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Vun is a 40-year-old construction worker from Cambodia who needs $487 to fund surgery that will help heal his arm.

Vun
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  • $10 raised, $477 to go
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May 12, 2022

Vun is a 40-year-old construction worker who is married and has two daughters—a 13 year old and a 3 year old. Vun’s wife works in a garment factory. In his free time, Vun enjoys listening to the radio, spending time with his daughters, and watching TV.

In January, Vun was electrocuted in a workplace accident. His family took him to a hospital to have his wound dressed, and for a partial amputation of his left arm. These treatments cost the family $5,000. They shared with us that Vun had to leave the hospital when they ran out of money, even though he still needed additional care.

After visiting a Khmer traditional healer, Vun sought treatment at our medical partner, Children’s Surgical Centre, where he underwent a partial amputation of his right arm. His right arm was also modified, to enable Vun to be able to use it in his daily activities. The wound on his right arm remains open, however, and a skin graft is required in order for it to heal properly. Children’s Surgical Centre is seeking $487 to fund the skin graft procedure, which is scheduled for May 12th.

Vun says: “I hope after surgery my wound will heal and I can gain back some function of my right arm.”

Vun is a 40-year-old construction worker who is married and has two daughters—a 13 year old and a 3 year old. Vun's wife works in a garment...

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Vun's Timeline

  • May 12, 2022
    PROFILE SUBMITTED

    Vun was submitted by Sieng Heng at Children's Surgical Centre.

  • May 12, 2022
    TREATMENT SCHEDULED

    Vun was scheduled to receive treatment at Kien Khleang National Rehabilitation Centre in Cambodia. Medical partners often provide care to patients accepted by Watsi before those patients are fully funded, operating under the guarantee that the cost of care will be paid for by donors.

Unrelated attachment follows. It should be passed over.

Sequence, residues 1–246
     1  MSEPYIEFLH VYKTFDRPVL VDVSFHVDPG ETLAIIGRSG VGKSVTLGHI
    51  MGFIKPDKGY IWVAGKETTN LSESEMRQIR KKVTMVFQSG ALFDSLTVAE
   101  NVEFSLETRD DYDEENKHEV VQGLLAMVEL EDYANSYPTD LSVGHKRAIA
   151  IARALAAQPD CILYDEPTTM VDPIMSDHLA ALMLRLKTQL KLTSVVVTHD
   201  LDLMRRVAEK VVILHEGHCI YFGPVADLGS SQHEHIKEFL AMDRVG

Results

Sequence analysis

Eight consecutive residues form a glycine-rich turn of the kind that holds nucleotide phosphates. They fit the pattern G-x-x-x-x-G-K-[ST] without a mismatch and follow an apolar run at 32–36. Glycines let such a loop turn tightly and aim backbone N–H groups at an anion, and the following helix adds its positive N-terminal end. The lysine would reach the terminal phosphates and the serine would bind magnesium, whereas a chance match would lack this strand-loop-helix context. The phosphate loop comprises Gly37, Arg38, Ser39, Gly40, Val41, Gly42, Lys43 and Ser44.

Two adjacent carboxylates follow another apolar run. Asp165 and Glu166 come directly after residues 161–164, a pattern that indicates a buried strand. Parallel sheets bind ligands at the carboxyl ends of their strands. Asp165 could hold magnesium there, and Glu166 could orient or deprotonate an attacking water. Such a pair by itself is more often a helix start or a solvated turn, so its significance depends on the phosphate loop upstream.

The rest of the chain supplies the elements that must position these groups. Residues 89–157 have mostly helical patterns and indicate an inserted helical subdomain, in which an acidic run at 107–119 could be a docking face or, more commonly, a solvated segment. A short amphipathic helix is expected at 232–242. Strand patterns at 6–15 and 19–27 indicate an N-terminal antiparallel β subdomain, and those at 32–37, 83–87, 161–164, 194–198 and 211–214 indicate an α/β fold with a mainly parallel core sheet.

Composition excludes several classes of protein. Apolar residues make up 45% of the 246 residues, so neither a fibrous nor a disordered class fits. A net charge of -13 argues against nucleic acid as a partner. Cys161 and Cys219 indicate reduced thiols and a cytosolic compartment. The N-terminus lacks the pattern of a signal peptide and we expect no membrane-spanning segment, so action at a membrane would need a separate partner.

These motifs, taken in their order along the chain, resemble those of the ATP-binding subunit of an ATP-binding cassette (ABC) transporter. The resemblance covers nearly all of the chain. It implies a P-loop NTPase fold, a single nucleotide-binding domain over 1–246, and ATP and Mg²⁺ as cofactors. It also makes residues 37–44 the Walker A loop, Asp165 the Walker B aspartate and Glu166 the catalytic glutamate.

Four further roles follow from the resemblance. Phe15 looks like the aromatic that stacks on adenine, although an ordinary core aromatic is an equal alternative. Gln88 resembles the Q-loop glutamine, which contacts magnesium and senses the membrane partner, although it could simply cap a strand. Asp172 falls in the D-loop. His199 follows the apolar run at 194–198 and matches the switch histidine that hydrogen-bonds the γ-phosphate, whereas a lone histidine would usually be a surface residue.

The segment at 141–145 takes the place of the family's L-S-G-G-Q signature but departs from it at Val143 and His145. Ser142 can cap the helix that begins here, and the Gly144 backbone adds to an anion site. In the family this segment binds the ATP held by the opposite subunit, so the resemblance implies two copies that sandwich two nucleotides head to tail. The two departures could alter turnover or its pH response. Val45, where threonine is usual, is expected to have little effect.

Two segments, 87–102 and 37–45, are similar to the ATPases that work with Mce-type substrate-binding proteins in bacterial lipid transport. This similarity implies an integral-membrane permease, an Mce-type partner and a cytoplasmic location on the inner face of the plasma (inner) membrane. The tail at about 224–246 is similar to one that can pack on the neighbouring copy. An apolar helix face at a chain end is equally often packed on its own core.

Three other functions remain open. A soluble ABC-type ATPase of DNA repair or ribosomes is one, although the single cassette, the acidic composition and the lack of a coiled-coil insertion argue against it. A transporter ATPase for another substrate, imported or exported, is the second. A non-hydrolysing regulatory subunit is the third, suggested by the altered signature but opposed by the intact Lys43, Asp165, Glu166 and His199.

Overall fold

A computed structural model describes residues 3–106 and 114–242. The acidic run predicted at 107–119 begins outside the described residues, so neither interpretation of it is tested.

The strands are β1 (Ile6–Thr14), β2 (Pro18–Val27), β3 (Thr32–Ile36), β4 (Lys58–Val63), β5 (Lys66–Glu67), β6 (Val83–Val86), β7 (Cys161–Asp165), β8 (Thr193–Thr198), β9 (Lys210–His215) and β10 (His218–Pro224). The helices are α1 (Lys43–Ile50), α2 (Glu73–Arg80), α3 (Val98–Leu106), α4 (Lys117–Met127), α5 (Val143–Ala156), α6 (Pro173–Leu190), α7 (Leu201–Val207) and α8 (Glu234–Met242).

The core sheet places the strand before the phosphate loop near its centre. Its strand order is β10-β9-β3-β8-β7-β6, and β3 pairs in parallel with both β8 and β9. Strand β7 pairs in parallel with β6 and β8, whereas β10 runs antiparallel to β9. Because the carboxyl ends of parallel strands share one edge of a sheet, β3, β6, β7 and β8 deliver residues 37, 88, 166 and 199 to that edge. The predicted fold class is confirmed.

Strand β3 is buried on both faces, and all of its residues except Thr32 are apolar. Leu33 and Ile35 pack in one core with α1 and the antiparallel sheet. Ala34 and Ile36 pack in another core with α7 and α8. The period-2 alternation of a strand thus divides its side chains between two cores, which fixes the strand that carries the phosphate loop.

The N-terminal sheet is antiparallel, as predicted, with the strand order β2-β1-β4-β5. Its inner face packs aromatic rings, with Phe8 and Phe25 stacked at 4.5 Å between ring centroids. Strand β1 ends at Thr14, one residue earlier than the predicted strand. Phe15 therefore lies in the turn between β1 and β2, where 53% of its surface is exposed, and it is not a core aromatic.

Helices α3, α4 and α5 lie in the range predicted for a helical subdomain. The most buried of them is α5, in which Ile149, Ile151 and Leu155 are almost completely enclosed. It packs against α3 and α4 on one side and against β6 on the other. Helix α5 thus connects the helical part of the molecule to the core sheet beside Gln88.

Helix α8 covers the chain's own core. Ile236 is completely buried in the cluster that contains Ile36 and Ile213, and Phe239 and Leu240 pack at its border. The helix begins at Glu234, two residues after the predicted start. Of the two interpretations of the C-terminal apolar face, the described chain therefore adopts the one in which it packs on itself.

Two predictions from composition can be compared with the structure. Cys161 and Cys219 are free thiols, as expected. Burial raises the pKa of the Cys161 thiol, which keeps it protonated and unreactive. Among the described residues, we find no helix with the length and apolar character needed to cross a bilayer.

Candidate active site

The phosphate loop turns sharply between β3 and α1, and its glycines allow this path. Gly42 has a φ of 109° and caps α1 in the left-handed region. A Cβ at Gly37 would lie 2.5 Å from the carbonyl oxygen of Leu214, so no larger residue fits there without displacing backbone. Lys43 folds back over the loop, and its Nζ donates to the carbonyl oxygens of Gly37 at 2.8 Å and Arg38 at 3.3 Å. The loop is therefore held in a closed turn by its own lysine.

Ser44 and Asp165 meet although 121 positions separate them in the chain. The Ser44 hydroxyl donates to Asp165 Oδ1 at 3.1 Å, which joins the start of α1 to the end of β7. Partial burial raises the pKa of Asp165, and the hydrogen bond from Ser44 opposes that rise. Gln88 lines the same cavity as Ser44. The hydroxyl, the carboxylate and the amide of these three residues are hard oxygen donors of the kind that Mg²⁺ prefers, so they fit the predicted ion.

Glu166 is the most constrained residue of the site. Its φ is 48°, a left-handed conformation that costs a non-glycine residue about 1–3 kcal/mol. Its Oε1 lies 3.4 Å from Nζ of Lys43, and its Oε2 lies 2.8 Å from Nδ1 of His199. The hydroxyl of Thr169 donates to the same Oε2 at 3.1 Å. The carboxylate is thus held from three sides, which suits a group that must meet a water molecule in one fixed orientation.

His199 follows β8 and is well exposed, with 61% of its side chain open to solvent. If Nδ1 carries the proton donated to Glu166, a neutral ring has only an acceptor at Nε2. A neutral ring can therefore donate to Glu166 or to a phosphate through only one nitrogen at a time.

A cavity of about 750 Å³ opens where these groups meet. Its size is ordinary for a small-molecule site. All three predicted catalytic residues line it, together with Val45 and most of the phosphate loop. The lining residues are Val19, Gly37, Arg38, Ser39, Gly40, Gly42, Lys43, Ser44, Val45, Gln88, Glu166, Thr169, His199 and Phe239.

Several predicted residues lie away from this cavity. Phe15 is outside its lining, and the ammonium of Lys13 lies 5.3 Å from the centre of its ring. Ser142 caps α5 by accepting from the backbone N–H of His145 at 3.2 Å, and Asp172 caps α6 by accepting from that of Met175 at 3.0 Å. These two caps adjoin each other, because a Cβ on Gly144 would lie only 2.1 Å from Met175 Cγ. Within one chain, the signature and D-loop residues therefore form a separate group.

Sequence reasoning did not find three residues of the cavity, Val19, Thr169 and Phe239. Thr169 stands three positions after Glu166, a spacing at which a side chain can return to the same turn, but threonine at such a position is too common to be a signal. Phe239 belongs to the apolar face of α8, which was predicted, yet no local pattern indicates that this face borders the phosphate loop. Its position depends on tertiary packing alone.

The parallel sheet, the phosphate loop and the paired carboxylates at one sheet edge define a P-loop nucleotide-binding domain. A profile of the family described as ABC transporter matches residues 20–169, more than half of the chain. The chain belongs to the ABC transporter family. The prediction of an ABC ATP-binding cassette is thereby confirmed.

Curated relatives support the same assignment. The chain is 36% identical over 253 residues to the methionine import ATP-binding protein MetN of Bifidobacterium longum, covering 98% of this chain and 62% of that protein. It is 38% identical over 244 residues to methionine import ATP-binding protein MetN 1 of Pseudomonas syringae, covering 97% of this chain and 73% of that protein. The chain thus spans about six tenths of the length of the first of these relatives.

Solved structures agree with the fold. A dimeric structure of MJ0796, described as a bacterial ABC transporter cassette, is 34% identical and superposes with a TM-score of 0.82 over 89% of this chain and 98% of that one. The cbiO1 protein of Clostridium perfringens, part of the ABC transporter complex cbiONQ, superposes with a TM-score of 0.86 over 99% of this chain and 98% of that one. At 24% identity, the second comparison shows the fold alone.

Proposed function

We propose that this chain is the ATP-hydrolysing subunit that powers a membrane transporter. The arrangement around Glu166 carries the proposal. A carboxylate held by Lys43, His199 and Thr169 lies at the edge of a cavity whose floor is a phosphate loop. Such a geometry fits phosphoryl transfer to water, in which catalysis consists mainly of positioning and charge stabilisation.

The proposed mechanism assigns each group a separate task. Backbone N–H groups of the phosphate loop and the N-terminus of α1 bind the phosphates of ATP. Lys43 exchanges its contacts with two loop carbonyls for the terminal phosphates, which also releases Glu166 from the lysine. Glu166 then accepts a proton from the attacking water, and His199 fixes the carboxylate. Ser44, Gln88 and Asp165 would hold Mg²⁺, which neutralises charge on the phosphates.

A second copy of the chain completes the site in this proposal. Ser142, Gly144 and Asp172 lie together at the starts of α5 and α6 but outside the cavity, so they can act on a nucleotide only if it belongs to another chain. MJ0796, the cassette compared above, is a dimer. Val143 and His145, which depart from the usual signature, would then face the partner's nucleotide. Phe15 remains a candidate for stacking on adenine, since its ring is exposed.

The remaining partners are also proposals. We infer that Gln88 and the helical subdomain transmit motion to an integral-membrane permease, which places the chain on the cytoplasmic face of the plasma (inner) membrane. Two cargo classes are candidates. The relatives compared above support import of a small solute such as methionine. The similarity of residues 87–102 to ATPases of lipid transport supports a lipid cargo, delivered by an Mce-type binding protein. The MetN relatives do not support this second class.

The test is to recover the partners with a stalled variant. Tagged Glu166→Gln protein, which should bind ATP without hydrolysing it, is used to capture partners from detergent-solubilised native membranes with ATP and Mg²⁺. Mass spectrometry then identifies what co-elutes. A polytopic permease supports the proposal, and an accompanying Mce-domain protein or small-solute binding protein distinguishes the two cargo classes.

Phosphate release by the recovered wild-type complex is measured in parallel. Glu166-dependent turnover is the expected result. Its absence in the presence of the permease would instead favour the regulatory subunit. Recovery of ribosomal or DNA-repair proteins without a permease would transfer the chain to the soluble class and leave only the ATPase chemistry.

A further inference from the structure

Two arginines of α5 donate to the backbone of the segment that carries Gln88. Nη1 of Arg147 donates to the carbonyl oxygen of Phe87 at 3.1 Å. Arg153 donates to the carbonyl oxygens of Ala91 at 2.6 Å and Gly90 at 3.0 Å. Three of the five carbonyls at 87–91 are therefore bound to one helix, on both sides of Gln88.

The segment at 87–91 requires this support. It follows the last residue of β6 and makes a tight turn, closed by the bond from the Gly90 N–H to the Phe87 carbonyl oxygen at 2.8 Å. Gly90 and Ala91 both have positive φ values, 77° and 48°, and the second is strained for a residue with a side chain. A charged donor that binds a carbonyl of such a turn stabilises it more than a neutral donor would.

• May 16, 2022
    PROFILE PUBLISHED

    Vun's profile was published to start raising funds.

  • TODAY
    AWAITING FUNDING

    Vun is currently raising funds for his treatment.

  • TBD
    AWAITING UPDATE

    Awaiting Vun's treatment update from Children's Surgical Centre.

Funded by 1 donor

Funded by 1 donor

Treatment
Skin Graft
  • Cost Breakdown
  • Diagnosis
  • Procedure
On average, it costs $487 for Vun's treatment
Hospital Fees
$126
Medical Staff
$310
Medication
$0
Supplies
$43
Labs
$3
Radiology
$5
  • Symptoms
  • Impact on patient's life
  • Cultural or regional significance

​What kinds of symptoms do patients experience before receiving treatment?

A variety of injuries related to extensive skin loss can necessitate a skin graft. These include large open wounds, infection, and third degree burns. Additionally, surgeries such as removal of skin cancers require skin grafts to heal.

​What is the impact on patients’ lives of living with these conditions?

Patients who have injuries that are in need of a skin graft are in compromised health and at risk of infection from bacteria or viruses entering through the open wound.

What cultural or regional factors affect the treatment of these conditions?

Road traffic accidents— particularly with motorcycles—are a common cause of injuries in Cambodia and can often result in surgeries that involve a skin graft. The use of open stoves additionally can increase risk of burns, especially in children.

  • Process
  • Impact on patient's life
  • Risks and side-effects
  • Accessibility
  • Alternatives

What does the treatment process look like?